Ford Opens The Door To Their Vehicles To Make Smart Apps For the Car
The Cloud connected Ford EVOS Concept Car, ushering in a new era of interconnected car/user experience.
Your car already knows a lot about your driving experience. It’s a rolling computer filled with hundreds of sensors that measure speed, location, tire pressure, if your door is ajar, and every part of engine performance. Yet, sometimes it seems to know so little about you. In fact, your phone probably knows a lot more.
Auto manufacturers such as Ford have sought to bridge the gap between the cars we sit in and the phones in our pockets with platforms like Sync, Bluetooth connectivity, hands-free voice control and in-car apps. Yet it’s not yet a cohesive experience.
“It’s time for the car to be a social device. Not to be isolated,” said Farley.
I saw a brief demo where Ford technicians used the data to drive an Android tablet-based dashboard that included location, fuel mileage, brake use (and its impact on fuel mileage), speed and more.
Developers have two options for developing an app. One is to buy a hardware kit from Ford (I saw a prototype). The key component is the “vehicle interface.” It plugs into the car’s data port and communicates with your mobile device via Bluetooth. A Ford representative told me there are many devices that can plug in and read that data, but none (beyond this one) that can deliver data to developers. As of now, Ford couldn’t say when the kit would be available, or offer much detail on pricing. “Free” is under consideration.
The other option is to use Ford’s emulator data, which is already freely available on the company’s website. It’s not real-time, but can provide a variety of scenarios programmers can develop against.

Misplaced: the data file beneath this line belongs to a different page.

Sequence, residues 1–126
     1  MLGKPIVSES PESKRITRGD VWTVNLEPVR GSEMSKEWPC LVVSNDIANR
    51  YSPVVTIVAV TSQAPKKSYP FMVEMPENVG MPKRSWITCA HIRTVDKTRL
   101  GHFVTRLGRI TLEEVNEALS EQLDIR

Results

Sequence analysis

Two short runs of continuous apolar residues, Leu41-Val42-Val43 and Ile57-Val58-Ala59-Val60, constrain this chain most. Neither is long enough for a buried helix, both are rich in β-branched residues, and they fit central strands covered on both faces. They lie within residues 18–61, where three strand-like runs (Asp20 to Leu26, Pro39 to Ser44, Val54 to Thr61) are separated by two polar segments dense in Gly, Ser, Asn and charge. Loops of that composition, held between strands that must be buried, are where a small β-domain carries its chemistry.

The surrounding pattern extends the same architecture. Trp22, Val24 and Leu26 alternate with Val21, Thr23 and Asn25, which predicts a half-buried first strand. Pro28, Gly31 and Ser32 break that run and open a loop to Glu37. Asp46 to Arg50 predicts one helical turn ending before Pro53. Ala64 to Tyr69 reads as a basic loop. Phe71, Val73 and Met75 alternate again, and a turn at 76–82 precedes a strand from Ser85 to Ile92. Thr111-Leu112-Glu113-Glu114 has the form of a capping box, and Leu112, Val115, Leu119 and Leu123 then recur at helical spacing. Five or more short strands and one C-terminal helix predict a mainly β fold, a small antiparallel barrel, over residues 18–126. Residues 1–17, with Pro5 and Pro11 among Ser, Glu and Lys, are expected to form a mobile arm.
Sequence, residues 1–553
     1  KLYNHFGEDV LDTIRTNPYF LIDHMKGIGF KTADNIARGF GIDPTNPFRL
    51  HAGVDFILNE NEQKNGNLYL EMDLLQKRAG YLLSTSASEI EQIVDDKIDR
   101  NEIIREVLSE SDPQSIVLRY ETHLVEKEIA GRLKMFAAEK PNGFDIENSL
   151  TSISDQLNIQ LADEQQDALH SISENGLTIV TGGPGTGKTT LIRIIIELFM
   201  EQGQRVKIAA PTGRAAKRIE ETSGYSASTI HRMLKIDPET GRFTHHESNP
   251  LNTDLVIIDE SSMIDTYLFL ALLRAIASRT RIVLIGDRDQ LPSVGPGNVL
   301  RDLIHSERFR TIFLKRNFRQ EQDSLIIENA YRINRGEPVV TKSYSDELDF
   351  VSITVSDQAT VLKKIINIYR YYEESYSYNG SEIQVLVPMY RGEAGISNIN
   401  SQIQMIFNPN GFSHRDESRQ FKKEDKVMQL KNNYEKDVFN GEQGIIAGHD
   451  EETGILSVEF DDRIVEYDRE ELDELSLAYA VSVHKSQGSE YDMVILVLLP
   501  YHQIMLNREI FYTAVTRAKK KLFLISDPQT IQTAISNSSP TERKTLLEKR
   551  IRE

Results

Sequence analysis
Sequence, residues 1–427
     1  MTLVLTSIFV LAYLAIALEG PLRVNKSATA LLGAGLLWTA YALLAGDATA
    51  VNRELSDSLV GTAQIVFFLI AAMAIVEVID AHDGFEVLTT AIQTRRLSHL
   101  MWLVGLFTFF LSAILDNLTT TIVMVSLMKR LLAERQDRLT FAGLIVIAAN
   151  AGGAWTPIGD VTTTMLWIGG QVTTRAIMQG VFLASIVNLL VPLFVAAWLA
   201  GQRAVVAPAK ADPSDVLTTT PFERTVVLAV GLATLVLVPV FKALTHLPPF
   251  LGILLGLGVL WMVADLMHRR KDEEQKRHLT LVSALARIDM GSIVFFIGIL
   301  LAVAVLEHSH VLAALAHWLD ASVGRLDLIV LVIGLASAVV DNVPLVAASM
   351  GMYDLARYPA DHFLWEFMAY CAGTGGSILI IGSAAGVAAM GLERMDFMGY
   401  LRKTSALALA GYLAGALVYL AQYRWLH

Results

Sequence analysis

The best fuel efficiency and inter-connectivity apps could win prizes totaling $50,000 from Ford.
While this contest is just a first step, there’s broader value for Ford’s customers in this “democratization of data.”
“What we recognize is that if we lower those barriers to innovation, we can get outside help,” said K. Venkatesh Prasad, Senior Leader Open Innovation at Ford.
Putting this data in the hands of outside developers will clearly lead to ideas beyond fuel efficiency, leading into areas where the increasing amounts of in-car technology has led to greater concerns over driver distractibility.
Smartphones are such a big part of our lives (Ford’s Farley recounted an anecdote that said the average stolen wallet is replaced in two days, while the average stolen phone is replaced in one), that the integration of our digital life into cars is almost a given. But, “the most important part for Ford is to enable that to happen safely,” said Farley.
Ford executives added, though, that their open architecture means it’s possible that someone will eventually be working on a distracted-driving app.
There’s also the chance that further integration of the cellphone experience, in a far more seamless way, could lead to lower driver distraction. Google’s Kraham said seamless interactivity — more predictive interaction within the car so you never have to use the phone — could make a difference.
The group did acknowledge that a more contextually aware car could introduce privacy concerns, but Ford’s Farley said everything will be opt-in. “It won’t work if it’s annoying. It won’t work if it’s creepy.”